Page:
Brazil Seamstresses Make Masks for Vulnerable Populations

Local seamstresses make 20,000 masks for communities of São Paulo and Bahia

Female holding packaged face masks hands one to person in Brazil
Supporting thousands of families in the 31 locations Aldeias Infantis SOS Brasil and Ford Motor Company Fund provided handmade masks to prevent COVID-19 spread. Photo by Reinaldo Canato

SÃO PAULO, Brazil — In partnership with Aldeias Infantis SOS Brasil, Ford Motor Company Fund is helping distribute 20,000 masks made by local seamstresses in Bahia and São Paulo through the Solidary Sewing project. Throughout the COVID-19 pandemic, Ford Fund has focused its efforts to help make people's lives better through localized, community programming.

The Solidary Sewing project generates income for local seamstresses by paying them above market rate to make the masks. Many of the participating seamstresses have already participated in the Axé Project that has also been supported by the Ford Fund, and by Cesa (Art and Education area of the Santo Antônio Educational Center).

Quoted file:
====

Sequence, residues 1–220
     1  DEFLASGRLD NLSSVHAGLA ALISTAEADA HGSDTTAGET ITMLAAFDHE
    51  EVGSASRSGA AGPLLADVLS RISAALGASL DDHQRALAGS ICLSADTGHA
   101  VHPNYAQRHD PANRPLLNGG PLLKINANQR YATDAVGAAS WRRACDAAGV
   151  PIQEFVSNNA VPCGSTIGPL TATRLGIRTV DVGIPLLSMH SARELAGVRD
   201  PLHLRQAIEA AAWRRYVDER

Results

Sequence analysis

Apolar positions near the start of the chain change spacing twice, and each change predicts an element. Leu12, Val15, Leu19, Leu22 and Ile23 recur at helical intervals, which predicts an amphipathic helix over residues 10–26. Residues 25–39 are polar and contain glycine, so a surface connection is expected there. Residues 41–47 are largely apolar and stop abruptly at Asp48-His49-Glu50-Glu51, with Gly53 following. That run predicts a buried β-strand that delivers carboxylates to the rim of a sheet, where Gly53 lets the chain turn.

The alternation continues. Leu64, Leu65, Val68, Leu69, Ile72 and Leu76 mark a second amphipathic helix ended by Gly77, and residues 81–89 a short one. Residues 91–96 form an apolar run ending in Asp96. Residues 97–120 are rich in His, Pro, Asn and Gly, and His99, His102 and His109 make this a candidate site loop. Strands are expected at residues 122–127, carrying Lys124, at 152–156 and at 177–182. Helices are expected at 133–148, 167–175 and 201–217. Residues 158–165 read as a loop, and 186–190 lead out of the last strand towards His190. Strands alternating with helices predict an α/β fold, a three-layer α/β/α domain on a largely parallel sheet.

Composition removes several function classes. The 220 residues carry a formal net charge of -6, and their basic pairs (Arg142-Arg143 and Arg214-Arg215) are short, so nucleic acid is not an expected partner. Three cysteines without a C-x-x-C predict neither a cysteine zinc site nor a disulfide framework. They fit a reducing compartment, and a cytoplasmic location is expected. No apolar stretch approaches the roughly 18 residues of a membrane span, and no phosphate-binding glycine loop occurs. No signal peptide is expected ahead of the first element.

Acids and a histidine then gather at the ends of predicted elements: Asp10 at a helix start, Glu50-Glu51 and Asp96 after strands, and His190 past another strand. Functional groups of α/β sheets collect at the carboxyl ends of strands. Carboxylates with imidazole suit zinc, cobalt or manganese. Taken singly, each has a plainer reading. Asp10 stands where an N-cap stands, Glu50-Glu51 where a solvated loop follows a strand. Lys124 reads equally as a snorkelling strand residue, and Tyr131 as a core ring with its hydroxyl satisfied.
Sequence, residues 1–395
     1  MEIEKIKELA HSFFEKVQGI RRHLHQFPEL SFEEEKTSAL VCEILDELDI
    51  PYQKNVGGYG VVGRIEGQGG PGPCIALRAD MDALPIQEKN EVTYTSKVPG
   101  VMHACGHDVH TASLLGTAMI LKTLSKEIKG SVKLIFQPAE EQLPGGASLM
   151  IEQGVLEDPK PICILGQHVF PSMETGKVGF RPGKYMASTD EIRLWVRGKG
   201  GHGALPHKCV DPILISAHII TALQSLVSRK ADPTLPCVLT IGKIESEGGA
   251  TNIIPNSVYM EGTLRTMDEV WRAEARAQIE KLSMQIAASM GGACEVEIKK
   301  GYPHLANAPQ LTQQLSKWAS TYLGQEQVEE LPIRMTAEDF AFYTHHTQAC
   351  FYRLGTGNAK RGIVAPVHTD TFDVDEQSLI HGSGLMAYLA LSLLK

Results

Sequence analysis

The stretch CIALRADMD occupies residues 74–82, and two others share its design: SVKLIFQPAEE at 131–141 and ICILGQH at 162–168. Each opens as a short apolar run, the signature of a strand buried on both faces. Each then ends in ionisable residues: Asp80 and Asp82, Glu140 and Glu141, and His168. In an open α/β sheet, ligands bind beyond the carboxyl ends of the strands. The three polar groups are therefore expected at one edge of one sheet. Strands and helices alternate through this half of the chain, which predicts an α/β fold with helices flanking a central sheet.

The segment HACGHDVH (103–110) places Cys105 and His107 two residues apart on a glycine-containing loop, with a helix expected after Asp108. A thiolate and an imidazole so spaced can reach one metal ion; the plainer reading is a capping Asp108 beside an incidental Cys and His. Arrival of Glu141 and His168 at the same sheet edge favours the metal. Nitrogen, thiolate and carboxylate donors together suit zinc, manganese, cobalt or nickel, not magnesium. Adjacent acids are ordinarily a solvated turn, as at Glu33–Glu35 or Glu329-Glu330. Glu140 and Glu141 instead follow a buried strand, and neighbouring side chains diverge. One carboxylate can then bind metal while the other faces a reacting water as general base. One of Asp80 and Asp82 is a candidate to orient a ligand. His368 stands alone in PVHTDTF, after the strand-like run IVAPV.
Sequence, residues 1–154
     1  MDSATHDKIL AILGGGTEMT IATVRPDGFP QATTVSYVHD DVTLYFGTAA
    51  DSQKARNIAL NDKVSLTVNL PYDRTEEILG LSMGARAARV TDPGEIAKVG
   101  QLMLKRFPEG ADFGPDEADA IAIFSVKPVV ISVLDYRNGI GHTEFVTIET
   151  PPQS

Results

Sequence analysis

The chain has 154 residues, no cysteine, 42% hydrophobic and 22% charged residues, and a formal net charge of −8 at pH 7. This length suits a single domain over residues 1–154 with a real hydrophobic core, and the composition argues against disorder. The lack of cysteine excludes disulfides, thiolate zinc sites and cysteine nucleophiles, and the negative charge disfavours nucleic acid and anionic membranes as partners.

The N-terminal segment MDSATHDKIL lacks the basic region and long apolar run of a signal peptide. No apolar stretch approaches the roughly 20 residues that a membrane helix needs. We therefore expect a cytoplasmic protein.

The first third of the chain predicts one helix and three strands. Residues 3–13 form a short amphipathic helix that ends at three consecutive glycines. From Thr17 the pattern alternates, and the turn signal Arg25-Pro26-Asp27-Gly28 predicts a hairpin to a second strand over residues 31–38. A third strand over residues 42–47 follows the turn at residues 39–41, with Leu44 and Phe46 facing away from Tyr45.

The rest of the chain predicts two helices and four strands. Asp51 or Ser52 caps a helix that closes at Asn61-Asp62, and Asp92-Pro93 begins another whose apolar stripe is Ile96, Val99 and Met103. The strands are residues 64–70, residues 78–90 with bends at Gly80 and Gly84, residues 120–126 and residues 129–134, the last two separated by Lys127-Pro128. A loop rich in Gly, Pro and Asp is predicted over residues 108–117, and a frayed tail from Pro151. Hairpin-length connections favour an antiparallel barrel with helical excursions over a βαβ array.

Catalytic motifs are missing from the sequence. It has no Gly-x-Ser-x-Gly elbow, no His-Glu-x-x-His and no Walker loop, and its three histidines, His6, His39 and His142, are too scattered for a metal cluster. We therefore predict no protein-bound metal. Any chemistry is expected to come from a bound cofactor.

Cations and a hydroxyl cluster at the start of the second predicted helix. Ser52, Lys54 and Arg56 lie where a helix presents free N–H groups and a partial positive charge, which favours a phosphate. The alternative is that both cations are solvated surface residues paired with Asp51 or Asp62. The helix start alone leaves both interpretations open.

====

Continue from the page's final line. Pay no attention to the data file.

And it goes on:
"In a delicate and challenging moment such as the one we're going through, with the Solidary Sewing project we were able to contribute with the generation of income for families that were somehow economically damaged by the pandemic as well as protecting people, ensuring the access to masks which are a fundamental item to reduce the risks of exposure to the virus," says Robert Madke, manager of Corporate Communication and Social Responsibility of Ford Brazil.

Mother and child put on face masks distributed by Ford employee
Solidary Sewing project seamstresses made masks to curtail COVID-19 spread from one person to another person by respiratory droplets. Photo by Reinaldo Canato

Through the Solidary Sewing project, seamstresses work from home and nonprofit partner Aldeias Infantis SOS Brasil delivers materials for mask production while also facilitating pick-up and final delivery. The masks are given to children, the elderly and other vulnerable communities, as this project is as much about health as it is social responsibility.

"The pandemic affects the most vulnerable and this project has made it possible for us to serve a significant number of people who are exposed. Besides the donation of masks, this contact with the communities also allows us to bring awareness to the population about its importance and the correct way to use them, since many of them are unaware of this information," says Mateus Nogueira Ramos, social educator responsible for the project at Aldeias Infantis SOS Brasil.

After learning about the project, Ford Brazil employees volunteered to make masks as well. The Ford volunteers had interest and skills in sewing and used their own fabric, thread, elastic and instructions to produce 10 masks per volunteer.